What came was a sfogliatella, so I know why she didn’t even try to pronounce it. (Sf-oy-yuh-tell-uh) Crazy Italians! Who cares how to say it? It’s delicious and you shouldn’t talk with your mouth full anyway.
After working at an Italian bakery as a teenager in Queens, I quickly got sick of all the cannolis, rainbow cookies and the collect calls from the bakery owner’s mafioso son in jail, but I never got sick of the sfogliatelle (that’s plural).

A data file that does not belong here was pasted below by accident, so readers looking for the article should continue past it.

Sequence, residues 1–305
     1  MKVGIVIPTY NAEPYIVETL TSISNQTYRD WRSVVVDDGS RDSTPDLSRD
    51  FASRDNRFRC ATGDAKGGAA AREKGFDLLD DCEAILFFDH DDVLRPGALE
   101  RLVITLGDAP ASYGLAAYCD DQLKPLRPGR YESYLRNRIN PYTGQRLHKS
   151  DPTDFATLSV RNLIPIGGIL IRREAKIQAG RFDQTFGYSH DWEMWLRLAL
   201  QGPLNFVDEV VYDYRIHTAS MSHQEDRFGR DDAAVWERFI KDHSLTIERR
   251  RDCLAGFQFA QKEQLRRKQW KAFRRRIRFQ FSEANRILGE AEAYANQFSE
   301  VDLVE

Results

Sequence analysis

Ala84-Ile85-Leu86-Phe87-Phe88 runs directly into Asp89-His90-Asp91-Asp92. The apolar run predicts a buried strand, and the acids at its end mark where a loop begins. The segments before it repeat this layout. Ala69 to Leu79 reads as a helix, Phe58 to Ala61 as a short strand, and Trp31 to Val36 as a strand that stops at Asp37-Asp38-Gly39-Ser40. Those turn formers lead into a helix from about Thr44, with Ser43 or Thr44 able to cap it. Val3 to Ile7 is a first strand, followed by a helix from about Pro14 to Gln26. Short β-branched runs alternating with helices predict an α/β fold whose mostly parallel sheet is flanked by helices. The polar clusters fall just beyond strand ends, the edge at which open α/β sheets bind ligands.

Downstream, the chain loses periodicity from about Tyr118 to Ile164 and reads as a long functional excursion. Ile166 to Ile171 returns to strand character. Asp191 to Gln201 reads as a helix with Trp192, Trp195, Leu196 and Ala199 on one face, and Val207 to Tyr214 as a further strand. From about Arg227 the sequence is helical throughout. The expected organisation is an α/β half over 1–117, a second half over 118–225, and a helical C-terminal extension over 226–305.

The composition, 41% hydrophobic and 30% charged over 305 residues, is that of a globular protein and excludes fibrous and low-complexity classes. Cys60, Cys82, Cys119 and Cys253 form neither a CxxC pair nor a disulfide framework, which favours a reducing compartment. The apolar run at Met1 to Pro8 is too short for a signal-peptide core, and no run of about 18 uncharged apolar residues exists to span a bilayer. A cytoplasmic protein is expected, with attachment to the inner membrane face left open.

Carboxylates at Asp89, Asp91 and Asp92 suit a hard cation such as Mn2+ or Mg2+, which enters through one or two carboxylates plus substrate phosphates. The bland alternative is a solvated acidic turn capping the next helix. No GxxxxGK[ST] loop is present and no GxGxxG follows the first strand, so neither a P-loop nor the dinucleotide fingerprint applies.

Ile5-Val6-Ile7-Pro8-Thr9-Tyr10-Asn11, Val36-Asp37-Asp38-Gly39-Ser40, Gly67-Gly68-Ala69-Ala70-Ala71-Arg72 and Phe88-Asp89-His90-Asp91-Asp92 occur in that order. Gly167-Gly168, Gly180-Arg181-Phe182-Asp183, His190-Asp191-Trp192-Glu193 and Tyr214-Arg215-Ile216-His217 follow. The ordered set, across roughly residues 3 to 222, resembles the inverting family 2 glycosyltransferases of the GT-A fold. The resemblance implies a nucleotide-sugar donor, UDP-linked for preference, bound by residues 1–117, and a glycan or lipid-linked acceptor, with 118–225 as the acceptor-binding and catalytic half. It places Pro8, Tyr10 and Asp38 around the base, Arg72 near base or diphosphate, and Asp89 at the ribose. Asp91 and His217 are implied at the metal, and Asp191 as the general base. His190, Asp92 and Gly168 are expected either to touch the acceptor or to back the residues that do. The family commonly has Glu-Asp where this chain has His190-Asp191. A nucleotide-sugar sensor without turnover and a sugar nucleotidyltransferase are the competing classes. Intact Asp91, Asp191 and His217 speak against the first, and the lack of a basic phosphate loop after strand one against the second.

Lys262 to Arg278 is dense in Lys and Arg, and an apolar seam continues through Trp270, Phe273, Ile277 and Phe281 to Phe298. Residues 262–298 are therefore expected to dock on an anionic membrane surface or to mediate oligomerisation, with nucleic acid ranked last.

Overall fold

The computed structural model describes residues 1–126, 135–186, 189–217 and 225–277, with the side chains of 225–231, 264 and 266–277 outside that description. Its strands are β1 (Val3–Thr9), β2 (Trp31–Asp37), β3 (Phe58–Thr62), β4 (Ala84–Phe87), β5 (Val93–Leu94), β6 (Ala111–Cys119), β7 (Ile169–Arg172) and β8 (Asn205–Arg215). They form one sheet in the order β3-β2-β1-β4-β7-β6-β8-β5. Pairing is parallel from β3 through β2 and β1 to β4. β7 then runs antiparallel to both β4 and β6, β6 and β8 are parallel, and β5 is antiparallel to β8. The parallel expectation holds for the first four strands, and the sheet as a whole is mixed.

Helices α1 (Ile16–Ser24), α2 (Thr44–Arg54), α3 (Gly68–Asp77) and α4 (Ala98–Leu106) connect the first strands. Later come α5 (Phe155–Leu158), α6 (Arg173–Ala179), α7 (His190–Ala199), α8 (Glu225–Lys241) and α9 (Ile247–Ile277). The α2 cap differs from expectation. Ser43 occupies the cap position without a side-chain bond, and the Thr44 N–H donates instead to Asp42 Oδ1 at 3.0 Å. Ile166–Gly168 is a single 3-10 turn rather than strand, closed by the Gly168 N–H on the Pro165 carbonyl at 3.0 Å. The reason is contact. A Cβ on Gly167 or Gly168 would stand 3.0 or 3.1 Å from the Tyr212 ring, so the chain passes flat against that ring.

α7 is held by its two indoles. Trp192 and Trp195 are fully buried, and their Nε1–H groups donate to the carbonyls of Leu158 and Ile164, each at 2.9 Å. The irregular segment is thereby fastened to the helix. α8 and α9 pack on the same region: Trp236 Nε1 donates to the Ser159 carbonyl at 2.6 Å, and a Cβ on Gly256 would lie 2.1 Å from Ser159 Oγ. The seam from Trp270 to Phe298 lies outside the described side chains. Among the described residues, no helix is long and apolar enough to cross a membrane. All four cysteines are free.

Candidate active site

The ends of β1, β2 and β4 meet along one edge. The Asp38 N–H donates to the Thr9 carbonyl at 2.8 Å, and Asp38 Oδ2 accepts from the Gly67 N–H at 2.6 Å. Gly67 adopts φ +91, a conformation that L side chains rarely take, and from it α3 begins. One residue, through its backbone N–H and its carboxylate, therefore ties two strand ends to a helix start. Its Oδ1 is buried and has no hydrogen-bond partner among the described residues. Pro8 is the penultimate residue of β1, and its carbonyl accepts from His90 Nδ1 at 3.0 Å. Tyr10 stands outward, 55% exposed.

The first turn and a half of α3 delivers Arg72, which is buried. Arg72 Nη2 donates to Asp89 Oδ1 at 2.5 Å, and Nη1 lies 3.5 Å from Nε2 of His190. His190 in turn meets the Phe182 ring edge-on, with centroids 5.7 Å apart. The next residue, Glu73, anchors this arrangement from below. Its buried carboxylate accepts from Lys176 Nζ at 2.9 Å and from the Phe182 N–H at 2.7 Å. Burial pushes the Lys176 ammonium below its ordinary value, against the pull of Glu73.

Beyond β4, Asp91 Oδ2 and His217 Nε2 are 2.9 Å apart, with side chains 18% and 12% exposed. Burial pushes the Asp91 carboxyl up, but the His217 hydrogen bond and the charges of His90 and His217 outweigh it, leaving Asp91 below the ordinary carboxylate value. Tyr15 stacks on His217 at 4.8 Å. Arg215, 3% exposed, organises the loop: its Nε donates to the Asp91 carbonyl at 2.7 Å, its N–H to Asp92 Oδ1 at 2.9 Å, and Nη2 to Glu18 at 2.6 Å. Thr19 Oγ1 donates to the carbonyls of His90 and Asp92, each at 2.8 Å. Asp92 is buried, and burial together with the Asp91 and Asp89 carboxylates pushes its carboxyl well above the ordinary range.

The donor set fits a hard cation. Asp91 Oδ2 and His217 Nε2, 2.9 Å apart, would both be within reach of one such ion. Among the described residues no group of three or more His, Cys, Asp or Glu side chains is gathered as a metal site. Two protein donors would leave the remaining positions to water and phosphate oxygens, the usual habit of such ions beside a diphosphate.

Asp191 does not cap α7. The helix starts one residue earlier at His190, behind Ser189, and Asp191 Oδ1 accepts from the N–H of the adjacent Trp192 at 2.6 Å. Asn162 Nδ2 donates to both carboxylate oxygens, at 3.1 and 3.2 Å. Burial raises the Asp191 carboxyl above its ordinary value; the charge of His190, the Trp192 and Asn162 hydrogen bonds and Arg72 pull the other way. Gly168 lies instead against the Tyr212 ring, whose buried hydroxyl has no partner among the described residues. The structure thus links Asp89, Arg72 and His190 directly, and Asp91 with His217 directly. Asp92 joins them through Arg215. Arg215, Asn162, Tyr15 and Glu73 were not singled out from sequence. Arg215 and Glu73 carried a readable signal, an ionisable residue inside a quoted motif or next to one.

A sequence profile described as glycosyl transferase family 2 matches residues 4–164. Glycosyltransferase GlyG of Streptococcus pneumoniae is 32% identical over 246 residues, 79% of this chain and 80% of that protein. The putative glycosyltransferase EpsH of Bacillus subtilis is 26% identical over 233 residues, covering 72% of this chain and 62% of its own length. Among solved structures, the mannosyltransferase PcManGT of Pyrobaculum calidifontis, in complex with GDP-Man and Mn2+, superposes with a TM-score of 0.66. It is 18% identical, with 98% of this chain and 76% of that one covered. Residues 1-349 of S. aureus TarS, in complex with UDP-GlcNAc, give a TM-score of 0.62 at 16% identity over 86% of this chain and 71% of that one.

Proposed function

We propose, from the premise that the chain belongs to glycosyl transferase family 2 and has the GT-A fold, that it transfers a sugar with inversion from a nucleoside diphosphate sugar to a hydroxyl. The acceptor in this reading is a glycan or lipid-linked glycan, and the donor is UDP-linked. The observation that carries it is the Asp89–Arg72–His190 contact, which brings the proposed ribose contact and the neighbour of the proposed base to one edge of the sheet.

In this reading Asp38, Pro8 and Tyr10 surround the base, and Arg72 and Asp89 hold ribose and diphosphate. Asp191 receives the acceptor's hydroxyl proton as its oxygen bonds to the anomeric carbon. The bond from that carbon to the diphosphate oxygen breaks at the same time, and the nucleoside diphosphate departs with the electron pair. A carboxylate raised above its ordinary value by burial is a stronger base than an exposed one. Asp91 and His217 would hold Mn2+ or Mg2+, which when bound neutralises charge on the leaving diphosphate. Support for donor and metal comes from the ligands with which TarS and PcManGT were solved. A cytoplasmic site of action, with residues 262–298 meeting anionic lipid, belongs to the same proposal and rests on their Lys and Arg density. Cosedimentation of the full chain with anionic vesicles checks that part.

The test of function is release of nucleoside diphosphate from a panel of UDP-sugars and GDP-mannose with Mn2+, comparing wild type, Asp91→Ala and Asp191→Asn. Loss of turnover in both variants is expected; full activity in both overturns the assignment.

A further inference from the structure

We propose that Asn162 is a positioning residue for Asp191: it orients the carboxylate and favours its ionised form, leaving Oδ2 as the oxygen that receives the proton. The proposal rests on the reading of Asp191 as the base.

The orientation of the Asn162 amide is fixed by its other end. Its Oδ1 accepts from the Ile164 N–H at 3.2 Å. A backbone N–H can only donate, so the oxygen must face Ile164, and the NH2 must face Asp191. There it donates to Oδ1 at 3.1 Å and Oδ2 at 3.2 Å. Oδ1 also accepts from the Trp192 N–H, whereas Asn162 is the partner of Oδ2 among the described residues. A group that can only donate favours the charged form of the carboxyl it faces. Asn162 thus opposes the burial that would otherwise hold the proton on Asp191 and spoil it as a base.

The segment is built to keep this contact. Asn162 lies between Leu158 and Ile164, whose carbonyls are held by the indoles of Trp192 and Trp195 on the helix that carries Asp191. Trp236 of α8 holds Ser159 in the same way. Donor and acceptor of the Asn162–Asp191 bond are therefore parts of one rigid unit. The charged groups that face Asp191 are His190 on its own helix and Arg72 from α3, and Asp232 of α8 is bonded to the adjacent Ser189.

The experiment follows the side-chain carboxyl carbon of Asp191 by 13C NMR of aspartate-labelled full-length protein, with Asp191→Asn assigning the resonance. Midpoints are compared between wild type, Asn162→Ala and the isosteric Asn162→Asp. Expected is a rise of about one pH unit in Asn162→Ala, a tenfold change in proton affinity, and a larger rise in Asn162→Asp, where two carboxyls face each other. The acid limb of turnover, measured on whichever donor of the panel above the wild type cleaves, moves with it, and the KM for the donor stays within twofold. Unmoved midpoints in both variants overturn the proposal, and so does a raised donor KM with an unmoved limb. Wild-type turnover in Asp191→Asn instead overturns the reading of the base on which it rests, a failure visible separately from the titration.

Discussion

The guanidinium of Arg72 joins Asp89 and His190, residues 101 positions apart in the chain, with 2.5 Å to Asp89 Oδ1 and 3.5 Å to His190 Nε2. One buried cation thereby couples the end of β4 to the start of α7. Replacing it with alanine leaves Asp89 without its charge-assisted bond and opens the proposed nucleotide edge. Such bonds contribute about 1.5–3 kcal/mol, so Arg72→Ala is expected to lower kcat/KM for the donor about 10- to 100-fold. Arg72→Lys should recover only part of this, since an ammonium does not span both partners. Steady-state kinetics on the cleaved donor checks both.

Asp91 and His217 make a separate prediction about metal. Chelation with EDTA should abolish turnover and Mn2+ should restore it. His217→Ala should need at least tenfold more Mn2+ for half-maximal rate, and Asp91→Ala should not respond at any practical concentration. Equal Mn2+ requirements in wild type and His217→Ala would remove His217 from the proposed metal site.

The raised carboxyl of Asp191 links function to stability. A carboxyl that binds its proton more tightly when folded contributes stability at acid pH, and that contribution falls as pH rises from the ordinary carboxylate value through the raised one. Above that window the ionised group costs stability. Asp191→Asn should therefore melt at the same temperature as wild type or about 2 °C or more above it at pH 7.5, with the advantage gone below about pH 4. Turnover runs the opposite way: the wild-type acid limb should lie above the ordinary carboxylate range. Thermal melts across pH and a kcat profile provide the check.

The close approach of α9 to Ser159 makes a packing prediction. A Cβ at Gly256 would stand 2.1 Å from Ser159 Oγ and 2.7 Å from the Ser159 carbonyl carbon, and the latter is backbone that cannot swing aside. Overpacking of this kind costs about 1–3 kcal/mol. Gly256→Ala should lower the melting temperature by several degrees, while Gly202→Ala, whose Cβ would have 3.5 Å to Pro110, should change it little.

Sfogliatelle are Nonna, my Sicilian grandmother’s, favorite dessert so it’s always in the box of pastries we bring to her house when we have our traditional Sunday eat-until-you-pass-out feast.
It is crispy dough infinitely layered into the shaped of a shell and inside is soft and not too sweet ricotta with a nice citrus tang and dusted with powdered sugar. Try one next time you’re at Milk n’ Roses (1110 Manhattan Ave), they’re irresistible!